What is tax expenditures?

Instructions: There are 2 responses to read below. Write a 100 word response for each one.

Response 1)

What is tax expenditures? Tax expenditures are basically tax breaks that benefit a particular organization or group of people. These particular groups are tax payers who receive special provisions. These provisions can be classified as exclusions, deductions, or even credits that these groups, organizations, and individuals receive. “The congress Budget and Impoundment Control Act of 1974 defines tax expenditures as “revenue losses attributable to provisions of the Federal tax laws which allow a special exclusion, exemption, or deduction from gross income or which provide a special credit, a preferential rate of tax, or a deferral of tax liability.” (Urban Institute, Brookings Institution, and individual, 2020) Examples of tax expenditures would be the tax write off we are able to calculate on our taxes. These right offs could be charitable contributions, or even the interest paid on mortgages or student loans. These particular expenditures do not really help to those who have lower income household, or those who are senior citizens. Those who benefit from this particular expenditures have a home, have higher incomes and wages, and are generally younger in age. “As for the rich in this present age, charge them not to be haughty, nor to set their hopes on the uncertainty of riches, but on God, who richly provides us with everything to enjoy.” (1 Timothy 6:17 English Standard Version) Christ calls us to be be fruitful and to have plenty. What is the impact of tax expenditures? Tax expenditures create an efficient system. Expenditures also create a system that has some equity. “These provisions can reduce the overall progression of the tax system and distort economic behavior.”

Mikesell, J. L. (2018). Fiscal administration: analysis and applications for the public
sector (10th ed.). Boston, MA: Cengage Learning. ISBN: 978-1305953680.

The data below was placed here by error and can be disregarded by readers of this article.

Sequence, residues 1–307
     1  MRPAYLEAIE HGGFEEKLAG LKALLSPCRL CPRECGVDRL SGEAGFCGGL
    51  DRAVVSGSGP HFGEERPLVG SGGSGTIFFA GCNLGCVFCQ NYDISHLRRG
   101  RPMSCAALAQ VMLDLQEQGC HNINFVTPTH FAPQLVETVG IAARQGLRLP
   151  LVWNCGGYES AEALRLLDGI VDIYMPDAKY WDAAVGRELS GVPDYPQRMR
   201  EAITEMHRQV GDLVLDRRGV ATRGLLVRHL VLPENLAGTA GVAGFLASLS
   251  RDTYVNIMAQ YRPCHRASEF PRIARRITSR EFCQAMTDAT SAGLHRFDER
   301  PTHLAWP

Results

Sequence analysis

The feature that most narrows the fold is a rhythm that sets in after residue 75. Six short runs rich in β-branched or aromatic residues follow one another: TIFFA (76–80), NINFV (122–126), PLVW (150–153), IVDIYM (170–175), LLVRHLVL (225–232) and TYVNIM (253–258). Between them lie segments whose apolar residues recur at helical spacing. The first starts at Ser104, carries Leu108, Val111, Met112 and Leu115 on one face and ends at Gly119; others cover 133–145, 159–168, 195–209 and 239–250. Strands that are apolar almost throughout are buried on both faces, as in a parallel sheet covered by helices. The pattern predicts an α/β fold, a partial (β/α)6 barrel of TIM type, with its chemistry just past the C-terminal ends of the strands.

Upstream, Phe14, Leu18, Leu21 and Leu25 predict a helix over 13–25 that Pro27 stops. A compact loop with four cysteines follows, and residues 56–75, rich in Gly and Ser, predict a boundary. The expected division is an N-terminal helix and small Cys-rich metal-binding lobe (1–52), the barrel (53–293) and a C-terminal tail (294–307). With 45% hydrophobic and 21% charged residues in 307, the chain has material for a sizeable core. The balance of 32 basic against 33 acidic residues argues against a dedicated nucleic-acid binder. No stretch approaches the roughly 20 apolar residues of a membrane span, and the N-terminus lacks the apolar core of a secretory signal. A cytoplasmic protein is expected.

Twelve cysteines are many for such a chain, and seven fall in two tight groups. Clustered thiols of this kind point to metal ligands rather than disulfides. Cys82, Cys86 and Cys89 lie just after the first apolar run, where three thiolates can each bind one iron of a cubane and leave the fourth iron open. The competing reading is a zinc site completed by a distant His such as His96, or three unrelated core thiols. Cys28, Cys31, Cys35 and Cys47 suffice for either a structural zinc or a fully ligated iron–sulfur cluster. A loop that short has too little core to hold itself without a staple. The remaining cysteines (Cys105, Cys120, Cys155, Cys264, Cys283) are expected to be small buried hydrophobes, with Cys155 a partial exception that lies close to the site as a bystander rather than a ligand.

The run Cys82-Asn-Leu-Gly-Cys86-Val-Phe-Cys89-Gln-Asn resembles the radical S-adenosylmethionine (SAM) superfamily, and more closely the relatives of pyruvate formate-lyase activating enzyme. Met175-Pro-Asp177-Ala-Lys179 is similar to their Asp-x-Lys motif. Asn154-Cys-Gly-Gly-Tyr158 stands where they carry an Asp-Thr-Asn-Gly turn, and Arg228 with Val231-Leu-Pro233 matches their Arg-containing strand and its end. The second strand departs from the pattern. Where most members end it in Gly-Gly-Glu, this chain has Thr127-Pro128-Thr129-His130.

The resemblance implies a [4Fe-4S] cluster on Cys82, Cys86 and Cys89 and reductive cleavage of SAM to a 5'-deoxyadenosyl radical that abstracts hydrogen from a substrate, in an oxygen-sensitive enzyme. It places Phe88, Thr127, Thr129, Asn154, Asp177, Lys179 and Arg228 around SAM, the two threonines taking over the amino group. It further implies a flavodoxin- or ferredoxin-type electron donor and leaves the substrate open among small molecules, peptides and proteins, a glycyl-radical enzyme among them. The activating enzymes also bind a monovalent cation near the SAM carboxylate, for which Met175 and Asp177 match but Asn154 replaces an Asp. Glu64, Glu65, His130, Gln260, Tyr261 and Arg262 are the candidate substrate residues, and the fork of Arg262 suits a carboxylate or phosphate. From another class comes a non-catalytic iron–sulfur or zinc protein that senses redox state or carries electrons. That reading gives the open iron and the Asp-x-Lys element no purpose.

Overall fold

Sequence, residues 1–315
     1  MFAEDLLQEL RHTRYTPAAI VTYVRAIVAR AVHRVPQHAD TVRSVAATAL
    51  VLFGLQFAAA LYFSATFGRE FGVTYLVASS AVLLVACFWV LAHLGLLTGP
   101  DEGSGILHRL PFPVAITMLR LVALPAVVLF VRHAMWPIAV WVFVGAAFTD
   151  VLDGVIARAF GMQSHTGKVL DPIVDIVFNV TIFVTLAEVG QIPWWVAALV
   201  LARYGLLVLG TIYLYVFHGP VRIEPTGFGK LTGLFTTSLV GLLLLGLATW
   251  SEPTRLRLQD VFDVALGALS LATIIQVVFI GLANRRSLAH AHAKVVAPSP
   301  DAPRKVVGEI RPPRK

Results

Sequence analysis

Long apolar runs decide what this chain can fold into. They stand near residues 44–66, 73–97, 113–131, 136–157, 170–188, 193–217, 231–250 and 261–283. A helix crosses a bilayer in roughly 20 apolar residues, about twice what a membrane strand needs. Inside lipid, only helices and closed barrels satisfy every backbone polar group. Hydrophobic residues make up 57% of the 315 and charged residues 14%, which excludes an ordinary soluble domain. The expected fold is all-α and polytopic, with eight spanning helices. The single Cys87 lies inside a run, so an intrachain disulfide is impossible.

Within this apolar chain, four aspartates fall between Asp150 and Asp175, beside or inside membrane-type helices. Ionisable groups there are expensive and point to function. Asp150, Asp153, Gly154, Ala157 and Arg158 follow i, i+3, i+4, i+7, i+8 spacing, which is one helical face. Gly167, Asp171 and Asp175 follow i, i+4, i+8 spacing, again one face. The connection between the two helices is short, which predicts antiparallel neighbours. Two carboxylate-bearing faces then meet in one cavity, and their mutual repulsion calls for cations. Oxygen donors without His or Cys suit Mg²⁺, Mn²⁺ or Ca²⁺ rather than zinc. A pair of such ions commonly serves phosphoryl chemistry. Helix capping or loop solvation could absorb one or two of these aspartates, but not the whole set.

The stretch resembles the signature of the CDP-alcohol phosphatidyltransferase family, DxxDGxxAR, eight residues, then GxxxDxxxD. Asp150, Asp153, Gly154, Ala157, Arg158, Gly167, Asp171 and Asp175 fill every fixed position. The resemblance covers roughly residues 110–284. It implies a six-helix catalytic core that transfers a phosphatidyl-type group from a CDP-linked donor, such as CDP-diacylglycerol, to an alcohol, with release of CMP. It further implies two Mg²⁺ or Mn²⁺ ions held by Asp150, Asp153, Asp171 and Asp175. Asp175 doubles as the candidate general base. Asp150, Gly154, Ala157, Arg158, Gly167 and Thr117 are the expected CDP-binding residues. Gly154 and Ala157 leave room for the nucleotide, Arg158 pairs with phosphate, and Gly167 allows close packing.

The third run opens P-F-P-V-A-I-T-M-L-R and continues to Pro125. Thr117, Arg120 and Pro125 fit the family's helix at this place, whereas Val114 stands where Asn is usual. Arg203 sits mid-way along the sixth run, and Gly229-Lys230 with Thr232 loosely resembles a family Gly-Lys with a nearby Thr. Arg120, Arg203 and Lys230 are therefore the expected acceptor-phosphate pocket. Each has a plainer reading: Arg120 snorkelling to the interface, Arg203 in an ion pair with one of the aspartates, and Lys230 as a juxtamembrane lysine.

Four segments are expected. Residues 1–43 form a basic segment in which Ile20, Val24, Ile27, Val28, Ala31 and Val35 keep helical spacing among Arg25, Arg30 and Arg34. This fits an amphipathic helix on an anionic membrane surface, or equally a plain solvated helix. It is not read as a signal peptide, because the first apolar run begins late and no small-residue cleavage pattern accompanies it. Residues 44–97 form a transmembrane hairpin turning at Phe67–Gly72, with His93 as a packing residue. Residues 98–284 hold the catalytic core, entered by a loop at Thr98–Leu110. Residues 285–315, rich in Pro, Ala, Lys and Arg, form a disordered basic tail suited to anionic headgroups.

https://www.taxpolicycenter.org/briefing-book/what-are-tax-expenditures-and-how-are-they-structured (Links to an external site.)

 

Response 2)

A value-added tax (VAT) is a consumption tax placed on a product whenever fee is added at every stage of the furnish chain, from manufacturing to the point of sale. The quantity of VAT that the consumer will pay is on the value of the product, less any of the fees of materials used in the product that have already been taxed.

VAT applies to the majority of goods and services. VAT-registered businesses are effectively unpaid tax collectors, charging VAT on the merchandise they promote and paying the client tax on to HMRC. This doesn’t come without any remuneration, however. Many VAT-registered agencies shop cash with the aid of being registered, and the procedure is becoming less complicated and simpler with new legislation.

Businesses are in charge no longer solely to collect tax but to pay it on any of the purchases they make. Instead of transferring gathered VAT on to HMRC each and every time a transaction happens, agencies submit a VAT return indicating the total they’ve accrued and the total they’ve paid out within the tax quarter or year, depending on the scheme they adopt.

An example of a 10% VAT in sequence via a chain of production might show up as follows:

A producer of electronic components purchases uncooked materials made out of a range of metals from a dealer. The metals dealer is the seller at this factor in the manufacturing chain. The dealer expenses the manufacturer $1 plus a 10-cent VAT, and then sends the 10% VAT to the government.

The manufacturer makes use of the uncooked materials to create electronic components, which it then sells to a mobile phone manufacturing enterprise for $2 plus a 20-cent VAT. The manufacturer sends 10 cents of the VAT it collected to the government and keeps the other 10 cents, which reimburses it for the VAT it until now paid to the metals dealer.

 

Image preview for what is tax expenditures?

What is tax expenditures

APA

209 words

What is tax expenditures? was last modified: by